Although you cannot walk through the caravans, you can see inside through glass windows. Monty’s bedroom is well furnished with a bed, wardrobe, washbasin and bath. Winston Churchill and King George VI stayed in it at various times. Montgomery, with his usual flair for the dramatic, boasted that he only gave up his bed for “the King and Winston Churchill”. The office caravan has the pictures of four German Field Marshals who opposed Monty, including Field Marshall Rommel. Monty would study the photos and try to figure out what their responses would be to his tactical moves. Nearby is Montgomery’s Staff Car, a Mk 2 Super Snipe.
You cannot fail to be impressed by the well-produced series of life size tableaux as you walk along the winding pathway. Main themes include the Normandy Experience, the Eastern Front, North Africa, and the Forgotten (Asia/Pacific) War. A realistic combat tableau features a 1943 Soviet T-34/85 medium tank, complete with Russian soldiers astride it, approaching a German 88mm gun hidden amongst the ruins of a Berlin house. The diesel engine T-34 was a nasty surprise for the invading German forces in 1941, with its excellent combination of large 76 mm gun, thick armor and high degree of maneuverability derived from its wide tracks.
The museum’s quest for realism continues as you walk through an Infantry Landing Craft (LCI) onto a Normandy beach to enter the “Normandy Experience”. Here, scenes typical of the Battle of Normandy greet you. A British Engineer operates a mine detector while nearby a British Austin K2 Ambulance contains a wounded soldier and nurse. A dispatch Rider receives orders from an officer, while two soldiers relax behind the lines in front of a US International M5 half-track. A rather battle worn, wounded soldier, officers looks at a map on a US Ford GPW Jeep’s hood and another American infantryman sits in a Jeep with mounted machine gun.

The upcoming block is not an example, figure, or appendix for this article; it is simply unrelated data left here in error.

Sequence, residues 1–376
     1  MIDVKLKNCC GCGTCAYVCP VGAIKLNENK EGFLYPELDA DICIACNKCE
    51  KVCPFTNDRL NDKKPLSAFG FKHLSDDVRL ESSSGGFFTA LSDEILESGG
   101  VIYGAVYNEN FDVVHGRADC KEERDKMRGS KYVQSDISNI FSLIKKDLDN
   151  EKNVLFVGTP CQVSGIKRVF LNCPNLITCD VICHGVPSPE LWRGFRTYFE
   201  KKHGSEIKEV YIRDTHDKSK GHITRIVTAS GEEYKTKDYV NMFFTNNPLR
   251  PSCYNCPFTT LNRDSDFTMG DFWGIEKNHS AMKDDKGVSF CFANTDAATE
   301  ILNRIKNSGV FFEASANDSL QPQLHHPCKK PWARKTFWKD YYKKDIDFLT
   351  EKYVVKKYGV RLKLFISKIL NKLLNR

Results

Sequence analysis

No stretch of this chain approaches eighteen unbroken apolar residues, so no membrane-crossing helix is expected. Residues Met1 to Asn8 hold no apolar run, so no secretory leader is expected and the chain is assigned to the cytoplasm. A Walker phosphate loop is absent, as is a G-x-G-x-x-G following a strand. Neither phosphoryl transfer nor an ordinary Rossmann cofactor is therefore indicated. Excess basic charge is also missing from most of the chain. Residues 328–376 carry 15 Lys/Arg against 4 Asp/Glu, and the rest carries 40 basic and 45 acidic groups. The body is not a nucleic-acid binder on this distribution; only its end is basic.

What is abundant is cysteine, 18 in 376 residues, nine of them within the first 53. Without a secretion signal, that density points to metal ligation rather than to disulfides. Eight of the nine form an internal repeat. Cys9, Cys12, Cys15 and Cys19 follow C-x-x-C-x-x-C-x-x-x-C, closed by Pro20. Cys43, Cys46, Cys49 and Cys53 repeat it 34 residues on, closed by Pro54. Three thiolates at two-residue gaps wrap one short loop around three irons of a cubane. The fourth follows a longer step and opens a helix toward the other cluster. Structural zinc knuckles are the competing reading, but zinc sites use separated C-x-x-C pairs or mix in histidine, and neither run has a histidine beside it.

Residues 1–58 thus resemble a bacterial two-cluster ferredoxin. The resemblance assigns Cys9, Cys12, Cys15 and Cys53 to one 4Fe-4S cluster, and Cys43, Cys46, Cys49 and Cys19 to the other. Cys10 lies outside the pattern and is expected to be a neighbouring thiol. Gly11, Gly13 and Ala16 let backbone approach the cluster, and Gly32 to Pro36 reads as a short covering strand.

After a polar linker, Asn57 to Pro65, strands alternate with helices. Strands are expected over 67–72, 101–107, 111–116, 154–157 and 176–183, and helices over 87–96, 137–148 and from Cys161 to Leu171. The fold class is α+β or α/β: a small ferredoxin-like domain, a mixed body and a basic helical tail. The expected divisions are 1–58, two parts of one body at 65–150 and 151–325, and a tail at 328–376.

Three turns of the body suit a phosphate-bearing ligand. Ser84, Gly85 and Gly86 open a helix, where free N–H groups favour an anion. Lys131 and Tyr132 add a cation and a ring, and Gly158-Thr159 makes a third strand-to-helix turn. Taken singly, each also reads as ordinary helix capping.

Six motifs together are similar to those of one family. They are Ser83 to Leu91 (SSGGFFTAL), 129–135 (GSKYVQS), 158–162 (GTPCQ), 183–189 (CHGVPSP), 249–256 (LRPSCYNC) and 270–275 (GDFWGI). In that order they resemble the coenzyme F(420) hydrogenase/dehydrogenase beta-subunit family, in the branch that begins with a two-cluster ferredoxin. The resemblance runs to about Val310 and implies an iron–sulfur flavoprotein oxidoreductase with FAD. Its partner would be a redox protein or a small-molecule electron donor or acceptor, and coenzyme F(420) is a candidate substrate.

Other World War II tanks include the behemoth Soviet Josef Stalin 2 heavy tank sporting a massive 122 mm gun, a British Valentine Mark III infantry tank, an American Sherman tank (surely the most ubiquitous tank in European war museums), and a German Hetzer light tank destroyer. An American GMC DUKW Amphibious Truck used for transporting troops and supplies from ship to shore, and a 2-½ ton truck occupy positions of honor.
British artillery guns include a 3.7-inch anti-aircraft gun, a 6 pounder anti-tank gun, Matador medium artillery tractor, and 25-pounder field gun. A Soviet 76.2 mm field gun is displayed, along with a German 3.7 cm Pak anti-tank gun.